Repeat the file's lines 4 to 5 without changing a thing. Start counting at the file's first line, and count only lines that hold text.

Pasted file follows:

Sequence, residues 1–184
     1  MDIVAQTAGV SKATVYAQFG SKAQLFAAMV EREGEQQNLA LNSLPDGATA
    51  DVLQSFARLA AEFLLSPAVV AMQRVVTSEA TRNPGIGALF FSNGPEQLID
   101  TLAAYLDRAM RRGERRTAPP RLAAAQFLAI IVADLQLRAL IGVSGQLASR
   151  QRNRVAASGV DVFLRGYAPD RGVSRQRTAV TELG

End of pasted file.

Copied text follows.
   101  TLAAYLDRAM RRGERRTAPP RLAAAQFLAI IVADLQLRAL IGVSGQLASR
   151  QRNRVAASGV DVFLRGYAPD RGVSRQRTAV TELG